The Beatles song Paul McCartney wanted to sing on

Paul McCartney

There was never any doubt about who would be The Beatles’ lead singer when the band first got together. It was assumed that each member of the band would take the mic at some point during their tenure together. For instance, every album the group released featured Ringo Starr. Paul McCartney ‘s disappointment arose from the inability to sing even one Beatles classic, despite the potential for them to become more acerbic as they aged.

It’s amazing the band was able to produce anything at all after the chaos that surrounded the recording of their self-titled White Album. Following their break and transcendental retreat in India, the band’s creative directions took many different turns. It include disagreements among the band as to how every song should sound.

When the group finally got back together, Paul McCartney wanted to take them back to their original sound, practicing songs that were straightforward rather than experimenting in the studio. The band gave in once more to produce Abbey Road, their last creative statement. They would eventually incorporate the materials used for the project into Let it Be.

Working with George Martin on their last song, the Beatles went all out. They created an array of varied sounds that would become the second side of the album. With “Come Together,” the album’s opening track, John Lennon gave the band one more classic. However, he didn’t liked the operatic flipside.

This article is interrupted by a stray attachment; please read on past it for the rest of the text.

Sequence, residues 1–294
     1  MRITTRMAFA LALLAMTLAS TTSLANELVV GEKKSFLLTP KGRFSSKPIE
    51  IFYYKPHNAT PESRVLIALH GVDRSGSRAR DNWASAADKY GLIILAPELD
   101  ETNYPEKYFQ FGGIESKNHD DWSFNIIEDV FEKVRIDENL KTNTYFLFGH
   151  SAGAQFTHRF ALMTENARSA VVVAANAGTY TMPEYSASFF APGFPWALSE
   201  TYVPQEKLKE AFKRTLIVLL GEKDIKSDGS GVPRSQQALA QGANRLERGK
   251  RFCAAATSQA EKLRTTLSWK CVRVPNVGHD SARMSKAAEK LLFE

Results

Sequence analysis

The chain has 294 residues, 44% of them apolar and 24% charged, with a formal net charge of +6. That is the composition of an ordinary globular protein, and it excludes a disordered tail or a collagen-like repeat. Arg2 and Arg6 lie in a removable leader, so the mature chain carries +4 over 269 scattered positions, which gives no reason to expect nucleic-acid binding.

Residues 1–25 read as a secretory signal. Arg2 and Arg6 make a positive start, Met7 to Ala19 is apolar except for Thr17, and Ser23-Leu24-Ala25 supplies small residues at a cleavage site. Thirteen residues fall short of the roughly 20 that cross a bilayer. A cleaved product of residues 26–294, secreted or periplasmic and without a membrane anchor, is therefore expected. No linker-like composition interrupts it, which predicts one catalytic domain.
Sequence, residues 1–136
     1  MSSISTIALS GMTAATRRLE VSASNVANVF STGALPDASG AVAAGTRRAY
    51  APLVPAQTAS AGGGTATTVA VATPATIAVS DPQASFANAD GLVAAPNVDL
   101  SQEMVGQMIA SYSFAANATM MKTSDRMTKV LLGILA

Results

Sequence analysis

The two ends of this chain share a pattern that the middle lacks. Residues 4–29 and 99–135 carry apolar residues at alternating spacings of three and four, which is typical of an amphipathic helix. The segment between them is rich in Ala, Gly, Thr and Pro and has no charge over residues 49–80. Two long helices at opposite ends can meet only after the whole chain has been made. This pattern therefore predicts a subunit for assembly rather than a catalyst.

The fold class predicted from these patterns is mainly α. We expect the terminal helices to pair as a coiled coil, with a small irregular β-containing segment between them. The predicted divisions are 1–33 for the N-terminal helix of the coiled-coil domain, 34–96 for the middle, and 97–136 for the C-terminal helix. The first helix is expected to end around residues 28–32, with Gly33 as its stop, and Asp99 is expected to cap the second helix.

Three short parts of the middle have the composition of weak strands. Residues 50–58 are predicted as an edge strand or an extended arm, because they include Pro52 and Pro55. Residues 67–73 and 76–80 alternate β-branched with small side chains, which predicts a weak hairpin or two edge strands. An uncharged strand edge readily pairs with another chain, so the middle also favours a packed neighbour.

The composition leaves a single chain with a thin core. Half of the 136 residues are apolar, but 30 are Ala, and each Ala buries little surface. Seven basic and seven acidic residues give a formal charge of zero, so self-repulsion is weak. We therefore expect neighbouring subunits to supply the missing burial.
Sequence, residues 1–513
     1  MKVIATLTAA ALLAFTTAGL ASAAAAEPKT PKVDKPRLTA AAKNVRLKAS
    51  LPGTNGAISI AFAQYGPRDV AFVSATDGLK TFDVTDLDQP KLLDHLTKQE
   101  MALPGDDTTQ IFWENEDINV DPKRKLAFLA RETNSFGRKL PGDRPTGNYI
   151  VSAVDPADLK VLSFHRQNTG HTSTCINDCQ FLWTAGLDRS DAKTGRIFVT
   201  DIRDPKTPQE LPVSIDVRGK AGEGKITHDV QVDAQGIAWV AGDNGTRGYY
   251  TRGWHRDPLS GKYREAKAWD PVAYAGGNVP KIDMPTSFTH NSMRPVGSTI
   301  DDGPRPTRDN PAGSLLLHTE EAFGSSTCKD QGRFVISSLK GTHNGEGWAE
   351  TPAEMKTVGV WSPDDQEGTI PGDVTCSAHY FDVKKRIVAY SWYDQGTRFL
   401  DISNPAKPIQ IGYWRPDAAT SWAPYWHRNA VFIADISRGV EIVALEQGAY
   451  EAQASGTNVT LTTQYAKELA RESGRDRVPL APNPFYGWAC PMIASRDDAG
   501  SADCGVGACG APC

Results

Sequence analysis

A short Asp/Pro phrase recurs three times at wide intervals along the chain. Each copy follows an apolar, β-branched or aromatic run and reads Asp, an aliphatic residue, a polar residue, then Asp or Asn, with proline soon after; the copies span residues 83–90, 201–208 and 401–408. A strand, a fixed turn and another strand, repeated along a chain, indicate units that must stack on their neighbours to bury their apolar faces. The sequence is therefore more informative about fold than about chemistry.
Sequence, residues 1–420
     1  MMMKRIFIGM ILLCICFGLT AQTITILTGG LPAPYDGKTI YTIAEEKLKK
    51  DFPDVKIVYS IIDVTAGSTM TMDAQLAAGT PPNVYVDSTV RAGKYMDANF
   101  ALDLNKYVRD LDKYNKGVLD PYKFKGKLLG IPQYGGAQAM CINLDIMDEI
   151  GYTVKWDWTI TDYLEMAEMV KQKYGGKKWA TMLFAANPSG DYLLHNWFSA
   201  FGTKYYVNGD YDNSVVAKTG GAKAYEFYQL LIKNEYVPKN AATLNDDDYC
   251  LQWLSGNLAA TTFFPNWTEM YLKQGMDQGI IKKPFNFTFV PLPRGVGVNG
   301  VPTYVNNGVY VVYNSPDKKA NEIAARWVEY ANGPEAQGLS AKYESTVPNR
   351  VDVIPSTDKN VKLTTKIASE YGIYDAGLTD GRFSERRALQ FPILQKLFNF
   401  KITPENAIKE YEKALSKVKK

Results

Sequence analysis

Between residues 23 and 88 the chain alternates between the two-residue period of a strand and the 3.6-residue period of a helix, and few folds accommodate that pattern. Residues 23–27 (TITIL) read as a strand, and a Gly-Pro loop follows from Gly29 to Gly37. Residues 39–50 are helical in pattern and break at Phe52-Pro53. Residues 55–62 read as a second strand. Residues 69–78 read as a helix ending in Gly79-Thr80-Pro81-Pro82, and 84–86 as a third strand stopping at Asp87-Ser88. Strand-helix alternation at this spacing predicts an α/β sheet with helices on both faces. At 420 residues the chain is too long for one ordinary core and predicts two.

McCartney suggested slowing down the song, drawing inspiration from Chuck Berry’s well-known song “You Can’t Catch Me”. This led him to compose one of his signature basslines. McCartney wasn’t happy when he couldn’t sing on the last track. Even though it would be one of the band’s last genuine collaborations.

Recalling, “On ‘Come Together,’ I would have liked to sing harmony with John. I think he would have liked me to, but I was too embarrassed to ask him, and I do network to the best of my abilities in that situation,” McCartney expressed his belief that asking Lennon to provide backup vocals would have been an imposition.

However, McCartney wasn’t the only person who felt harmed by the division of singing roles. Regarding the blues hit “Oh Darling!,” there were rumors that Lennon was bitter towards McCartney because he believed he might perform the song more brilliantly if he had the opportunity.

Whatever the song, Abbey Road included some of the best vocals ever heard on a Beatles record, from the band’s arrangement of Martin’s wall of voices for Lennon’s “Because” to Harrison’s folk rock mainstay “Here Comes the Sun.” Even though the Beatles were disintegrating, whenever they sang together, they were still able to create something beautiful.

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